Daskalogiannis

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Ioannis Vlachos
Daskalogiannis.jpg
Native name Ιωάννης Βλάχος
Nickname(s)
  • Daskalogiannis
  • Δασκαλογιάννης
Born Anopolis, Crete, Ottoman Empire
Died 17 June 1771(1771-06-17)
Heraklion, Crete, Ottoman Empire
Allegiance Greece Greece

Ioannis Vlachos (Greek: Ιωάννης Βλάχος), better known as Daskalogiannis (Greek: Δασκαλογιάννης) (? – June 17, 1771) was a wealthy shipbuilder and shipowner who led a Cretan revolt against Ottoman rule in the 18th century.[1][2][3]

Life and career[edit]

The gulf of Loutro with the islet of Loutro
(on the right).

Ioannis Vlachos was born in Anopolis village in Sfakia, a semi-autonomous region of Crete, in 1722 or 1730. His father, who was a wealthy shipowner, sent him to be educated abroad. Due to his education, his compatriots called him "Daskalos" (teacher), hence his nickname Daskalogiannis. He is referred to as a town clerk, in 1750, and chairman of the region of Sfakia in 1765, and as the owner of four, three-mast, merchant ships that sailed between the ports of the Mediterranean.[4] These would have sailed from Prosyalo and the gulf of Loutro.[3]

Daskalogiannis knew Emmanouil Benakis at Mani and it is likely that Benakis introduced him to Count Orlov who Catherine the Great had sent to the Peloponnese in 1769 to instigate a revolt there.[4] Many men from Sfakia also participated in the revolt which Orlov instigated in the Peloponnese.[4]

Leader of revolt[edit]

See also: Orlov Revolt and Ottoman Crete

In early 1770, he was contacted by Russian emissaries, who hoped to instigate a revolt amongst the Greek subjects of the Ottoman Empire. Daskalogiannis agreed to fund and organize a rebellion in Sfakia against the Turkish authorities when the Russian emissaries promised to support him. In the spring of 1770, Daskalogiannis made preparations for the revolt at Sfakia; he brought together men, rifles, and supplies and had defenses built at strategic locations.[4] However, the Russian fleet in the Aegean, under Count Orlov, did not sail for Crete, and the Cretan revolt was left to its own devices. The uprising began on 25 March 1770, with the flag raised at the church of Agios Georgios of Anopolis, and for a short time, parts of Crete had the attributes of an independent nation, including its own coins, minted in a cave near Hora Sfakion.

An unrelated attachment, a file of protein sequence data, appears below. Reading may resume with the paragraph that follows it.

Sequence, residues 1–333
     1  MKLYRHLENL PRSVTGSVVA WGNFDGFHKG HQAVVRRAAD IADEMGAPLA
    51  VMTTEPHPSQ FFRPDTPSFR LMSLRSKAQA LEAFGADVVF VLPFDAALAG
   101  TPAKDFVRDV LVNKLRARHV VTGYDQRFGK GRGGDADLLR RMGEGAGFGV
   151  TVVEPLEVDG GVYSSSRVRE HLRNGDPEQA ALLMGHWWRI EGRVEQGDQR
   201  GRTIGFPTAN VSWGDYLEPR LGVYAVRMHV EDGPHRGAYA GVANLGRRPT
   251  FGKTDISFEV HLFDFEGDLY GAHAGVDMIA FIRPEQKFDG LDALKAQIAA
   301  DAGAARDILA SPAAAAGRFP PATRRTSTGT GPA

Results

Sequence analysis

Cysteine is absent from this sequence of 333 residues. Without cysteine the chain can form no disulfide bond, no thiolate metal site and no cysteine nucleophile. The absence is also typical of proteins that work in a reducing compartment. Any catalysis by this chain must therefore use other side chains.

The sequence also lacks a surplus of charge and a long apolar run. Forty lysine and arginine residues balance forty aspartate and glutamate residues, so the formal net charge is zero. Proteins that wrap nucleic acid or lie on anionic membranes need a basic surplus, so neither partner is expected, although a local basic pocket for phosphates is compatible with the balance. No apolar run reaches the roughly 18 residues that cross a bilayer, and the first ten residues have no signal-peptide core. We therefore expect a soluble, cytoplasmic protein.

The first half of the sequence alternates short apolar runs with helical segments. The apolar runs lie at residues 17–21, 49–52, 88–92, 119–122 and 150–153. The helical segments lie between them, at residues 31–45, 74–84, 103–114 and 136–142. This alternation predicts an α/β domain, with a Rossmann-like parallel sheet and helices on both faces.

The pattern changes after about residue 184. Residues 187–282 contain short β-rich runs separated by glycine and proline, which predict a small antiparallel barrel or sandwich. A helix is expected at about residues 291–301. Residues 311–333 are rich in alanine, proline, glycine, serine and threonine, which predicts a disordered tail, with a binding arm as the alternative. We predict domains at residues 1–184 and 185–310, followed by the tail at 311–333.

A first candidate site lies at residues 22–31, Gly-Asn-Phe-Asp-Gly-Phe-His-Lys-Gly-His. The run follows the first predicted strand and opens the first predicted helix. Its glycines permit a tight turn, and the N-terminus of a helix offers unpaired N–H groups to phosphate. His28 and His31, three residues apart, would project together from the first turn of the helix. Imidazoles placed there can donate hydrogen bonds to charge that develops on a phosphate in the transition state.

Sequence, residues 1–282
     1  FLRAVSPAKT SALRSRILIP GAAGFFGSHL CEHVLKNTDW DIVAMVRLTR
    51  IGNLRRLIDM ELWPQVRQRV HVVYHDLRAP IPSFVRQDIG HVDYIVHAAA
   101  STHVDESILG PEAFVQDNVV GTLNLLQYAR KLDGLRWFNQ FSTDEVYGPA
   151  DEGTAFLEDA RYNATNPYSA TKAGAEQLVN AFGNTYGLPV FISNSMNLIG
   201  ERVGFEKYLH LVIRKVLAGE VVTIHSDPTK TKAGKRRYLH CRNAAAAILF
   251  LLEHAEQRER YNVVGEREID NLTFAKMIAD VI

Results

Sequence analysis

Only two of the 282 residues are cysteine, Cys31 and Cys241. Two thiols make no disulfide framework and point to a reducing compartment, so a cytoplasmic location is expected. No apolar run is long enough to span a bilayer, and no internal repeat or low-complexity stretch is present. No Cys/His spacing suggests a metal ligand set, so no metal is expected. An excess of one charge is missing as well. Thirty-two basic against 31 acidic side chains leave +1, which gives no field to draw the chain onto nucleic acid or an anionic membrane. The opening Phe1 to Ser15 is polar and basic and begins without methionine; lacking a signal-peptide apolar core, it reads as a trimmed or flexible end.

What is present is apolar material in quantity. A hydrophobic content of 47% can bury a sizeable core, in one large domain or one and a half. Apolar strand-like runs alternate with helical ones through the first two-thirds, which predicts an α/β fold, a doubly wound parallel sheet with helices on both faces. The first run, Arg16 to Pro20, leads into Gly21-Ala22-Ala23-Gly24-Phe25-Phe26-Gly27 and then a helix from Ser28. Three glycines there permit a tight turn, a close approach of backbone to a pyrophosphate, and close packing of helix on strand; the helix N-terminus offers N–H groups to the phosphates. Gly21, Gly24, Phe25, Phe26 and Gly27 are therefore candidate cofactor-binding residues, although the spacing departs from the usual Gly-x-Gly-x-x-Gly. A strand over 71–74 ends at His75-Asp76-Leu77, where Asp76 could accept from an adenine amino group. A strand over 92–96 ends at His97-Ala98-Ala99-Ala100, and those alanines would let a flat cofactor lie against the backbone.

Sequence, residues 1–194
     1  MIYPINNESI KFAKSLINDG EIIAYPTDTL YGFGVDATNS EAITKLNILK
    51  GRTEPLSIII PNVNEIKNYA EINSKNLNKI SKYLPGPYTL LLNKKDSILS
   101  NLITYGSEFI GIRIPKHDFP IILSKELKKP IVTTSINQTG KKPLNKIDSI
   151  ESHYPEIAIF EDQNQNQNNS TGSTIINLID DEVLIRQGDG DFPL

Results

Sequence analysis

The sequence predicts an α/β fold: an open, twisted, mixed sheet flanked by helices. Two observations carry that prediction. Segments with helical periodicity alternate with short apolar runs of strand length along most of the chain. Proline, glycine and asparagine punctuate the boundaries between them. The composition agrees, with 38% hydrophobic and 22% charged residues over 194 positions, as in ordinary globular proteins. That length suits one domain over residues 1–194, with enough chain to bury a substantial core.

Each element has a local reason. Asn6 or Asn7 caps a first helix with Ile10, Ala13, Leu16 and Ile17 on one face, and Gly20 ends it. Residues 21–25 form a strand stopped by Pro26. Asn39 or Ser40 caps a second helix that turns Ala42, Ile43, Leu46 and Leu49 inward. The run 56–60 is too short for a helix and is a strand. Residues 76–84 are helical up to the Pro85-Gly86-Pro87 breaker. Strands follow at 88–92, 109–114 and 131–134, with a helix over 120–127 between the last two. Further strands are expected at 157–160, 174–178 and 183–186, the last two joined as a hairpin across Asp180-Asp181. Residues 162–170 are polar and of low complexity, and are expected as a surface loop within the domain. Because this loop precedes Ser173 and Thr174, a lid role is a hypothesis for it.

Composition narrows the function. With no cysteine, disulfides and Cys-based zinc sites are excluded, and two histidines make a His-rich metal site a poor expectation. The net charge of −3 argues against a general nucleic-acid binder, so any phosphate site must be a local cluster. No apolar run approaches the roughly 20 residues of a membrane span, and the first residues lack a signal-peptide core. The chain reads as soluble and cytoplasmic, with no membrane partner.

The coming winter was difficult because the Russian intervention, promised to Daskalogiannis, failed to materialize.[5] The uprising did not spread to the lowlands, and without outside support, it was put down brutally by the superior Turkish forces of the island, who easily defeated the 1,300 rebels. Sfakia was for the first time fully dominated by Turkish forces. Daskalogiannis surrendered with 70 men at the castle of Frangokastello near Hora Sfakion. On the orders of the Pasha of Candia/Chandax (Heraklion), he was tortured outside Heraklion's harbor fortress, skinned alive, and executed οn 17 June 1771.[6] He is said to have suffered the torture in silence. The Turks forced Daskalogiannis' brother to watch the torturous execution, which allegedly drove him insane.[6][7]

Legacy[edit]

Daskalogiannis was immortalized in several folk tales and songs, the most prominent of which is the celebrated epic ballad by Barba-Pantzelios, a poor cheese-maker from Mouri - To tragoudi tou Daskalogianni of 1786:[4][8]

…Φτάνουν στο Φραγκοκάστελο και στον πασά ποσώνου,
κι εκείνος δούδει τ' όρντινο κι ευτύς τσοι ξαρματώνου.
Ούλους τσοι ξαρματώσασι και τσοι μπισταγκωνίζου
και τότες δα το νιώσασι πως δεν ξαναγυρίζου.
...They arrive at Frangokastello and surrender to the pasha,
and he gives the order to disarm them at once.
All of them were disarmed and ill at ease,
for now they sensed that they would never go home.

The international airport of Chania (CHQ/LGSA) bears Daskalogiannis' name.[9] A memorial statue can be seen in his hometown Anopolis. One of the regular ferries in the Crete southeast routes is named the Daskalogiannis.

References[edit]

  1. ^ George Childs Kohn (Editor) Dictionary of Wars 650 pages ISBN 1-57958-204-4 ISBN 978-1579582043 Page 155
  2. ^ Daskalogiannis - Skinned alive
  3. ^ a b Detorakis, Turkish rule in Crete, p. 357
  4. ^ a b c d e Detorakis, Turkish rule in Crete, p. 358
  5. ^ Detorakis, Turkish rule in Crete, p. 359
  6. ^ a b Detorakis, Turkish rule in Crete, p. 360
  7. ^ Detorakis, Turkish rule in Crete, p. 361
  8. ^ Roderick Beaton Folk Poetry of Modern Greece 248 pages Publisher: Cambridge University Press (May 20, 2004) ISBN 0-521-60420-6 ISBN 978-0521604208
  9. ^ Ioannis Daskalogiannis International Airport

Sources[edit]

  • Detorakis, Theocharis (1988). "Η Τουρκοκρατία στην Κρήτη ("Turkish rule in Crete")". In Panagiotakis, Nikolaos M. Crete, History and Civilization (in Greek) II. Vikelea Library, Association of Regional Associations of Regional Municipalities. pp. 333–436.